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Hlafordlaes
2013-Jul-01, 11:44 AM
I came across this piece in Nature (http://www.nature.com/nchem/journal/vaop/ncurrent/full/nchem.1692.html) (Chemistry) which seems to add a tidbit to the sources of complex molecules in planetary disks. To wit:


Understanding the abundances of molecules in dense interstellar clouds requires knowledge of the rates of gas-phase reactions between uncharged species. However, because of the low temperatures within these clouds, reactions with an activation barrier were considered too slow to play an important role. Here we show that, despite the presence of a barrier, the rate coefficient for the reaction between the hydroxyl radical (OH) and methanol—one of the most abundant organic molecules in space—is almost two orders of magnitude larger at 63 K than previously measured at ∼200 K. We also observe the formation of the methoxy radical product, which was recently detected in space. These results are interpreted by the formation of a hydrogen-bonded complex that is sufficiently long-lived to undergo quantum-mechanical tunnelling to form products. We postulate that this tunnelling mechanism for the oxidation of organic molecules by OH is widespread in low-temperature interstellar environments.

Apparently they were able to form methoxy in a low temp chamber mixing OH and methanol, and show that quantum tunneling can be far more active in low temp environs, making space-based chemistry a bit more potent a source for complex molecules than previously estimated. That is, the lack of sufficient energy is overcome by quantum effects.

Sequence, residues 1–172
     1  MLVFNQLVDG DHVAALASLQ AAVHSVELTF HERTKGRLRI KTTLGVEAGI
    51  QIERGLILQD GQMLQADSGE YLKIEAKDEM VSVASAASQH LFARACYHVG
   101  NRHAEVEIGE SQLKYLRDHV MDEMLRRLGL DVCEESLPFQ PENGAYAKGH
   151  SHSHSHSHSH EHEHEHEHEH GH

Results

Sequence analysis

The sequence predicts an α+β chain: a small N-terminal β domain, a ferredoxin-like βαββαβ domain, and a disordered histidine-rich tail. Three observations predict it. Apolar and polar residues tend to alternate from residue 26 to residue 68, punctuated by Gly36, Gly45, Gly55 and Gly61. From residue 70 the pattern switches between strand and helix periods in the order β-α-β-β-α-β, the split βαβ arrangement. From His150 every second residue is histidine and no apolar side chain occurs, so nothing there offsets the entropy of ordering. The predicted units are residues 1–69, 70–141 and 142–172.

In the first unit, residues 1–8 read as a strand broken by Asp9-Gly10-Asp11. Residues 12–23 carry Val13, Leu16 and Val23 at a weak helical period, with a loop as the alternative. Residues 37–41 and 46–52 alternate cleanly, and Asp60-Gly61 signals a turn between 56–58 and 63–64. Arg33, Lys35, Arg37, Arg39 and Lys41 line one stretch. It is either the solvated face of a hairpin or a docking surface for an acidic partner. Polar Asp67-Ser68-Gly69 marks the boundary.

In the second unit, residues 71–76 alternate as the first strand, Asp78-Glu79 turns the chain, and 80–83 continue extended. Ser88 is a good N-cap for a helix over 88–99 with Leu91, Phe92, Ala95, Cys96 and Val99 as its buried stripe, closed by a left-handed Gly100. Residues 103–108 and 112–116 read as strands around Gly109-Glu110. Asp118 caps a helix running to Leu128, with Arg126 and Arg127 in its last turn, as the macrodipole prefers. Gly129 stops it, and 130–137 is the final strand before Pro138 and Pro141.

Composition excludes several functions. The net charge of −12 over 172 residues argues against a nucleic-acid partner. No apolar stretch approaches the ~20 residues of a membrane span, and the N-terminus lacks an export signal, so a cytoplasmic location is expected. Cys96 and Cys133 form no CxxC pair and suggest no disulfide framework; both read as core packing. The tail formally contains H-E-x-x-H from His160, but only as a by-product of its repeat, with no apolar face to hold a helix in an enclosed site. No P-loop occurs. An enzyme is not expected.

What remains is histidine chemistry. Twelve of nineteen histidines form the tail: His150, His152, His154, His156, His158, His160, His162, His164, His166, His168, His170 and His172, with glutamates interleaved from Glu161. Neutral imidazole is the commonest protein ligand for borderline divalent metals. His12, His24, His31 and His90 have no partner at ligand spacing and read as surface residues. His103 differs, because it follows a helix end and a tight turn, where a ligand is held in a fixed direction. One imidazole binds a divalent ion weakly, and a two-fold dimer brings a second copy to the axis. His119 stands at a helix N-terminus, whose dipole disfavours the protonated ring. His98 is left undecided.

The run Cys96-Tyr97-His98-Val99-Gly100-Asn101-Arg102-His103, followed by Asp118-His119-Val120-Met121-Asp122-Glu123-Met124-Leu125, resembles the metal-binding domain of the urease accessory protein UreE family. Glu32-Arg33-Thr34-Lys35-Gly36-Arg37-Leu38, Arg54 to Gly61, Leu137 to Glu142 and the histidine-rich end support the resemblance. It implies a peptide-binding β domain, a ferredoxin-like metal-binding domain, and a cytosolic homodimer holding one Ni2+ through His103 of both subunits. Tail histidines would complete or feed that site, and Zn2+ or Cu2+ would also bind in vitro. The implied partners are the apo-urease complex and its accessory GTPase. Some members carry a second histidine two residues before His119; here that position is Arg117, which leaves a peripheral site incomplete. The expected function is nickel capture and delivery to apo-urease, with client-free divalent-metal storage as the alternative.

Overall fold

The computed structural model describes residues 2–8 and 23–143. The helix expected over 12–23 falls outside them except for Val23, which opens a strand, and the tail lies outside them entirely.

The chemistry of planetary systems increasingly seems to depend on a complete web of sources, many formed off-planet and deposited by bombardment, meaning that deriving the mechanisms for abiogenesis will depend on understanding not just surface conditions and local chemistry, but also on external contributions, and perhaps even iterated inter-body and "cloud"-planetary exchanges. Early planetary disks may act as life factories in a systemic fashion.

TooMany
2013-Jul-01, 06:25 PM
Perhaps we have much to learn about the chemical processes that take place at low temperatures and densities which may have profound effects on our understanding of galaxies, and the formation of stars and planets. There was a interesting recent paper "A snowflake's chance in heaven" (http://arxiv.org/abs/1306.5587) that suggests a mechanism through which stable grains of frozen hydrogen can form. Currently theorists assume that it is not possible for solid hydrogen to exist in the ISM. Much of our understanding is based on extrapolations rather than experiment because such experiments are difficult.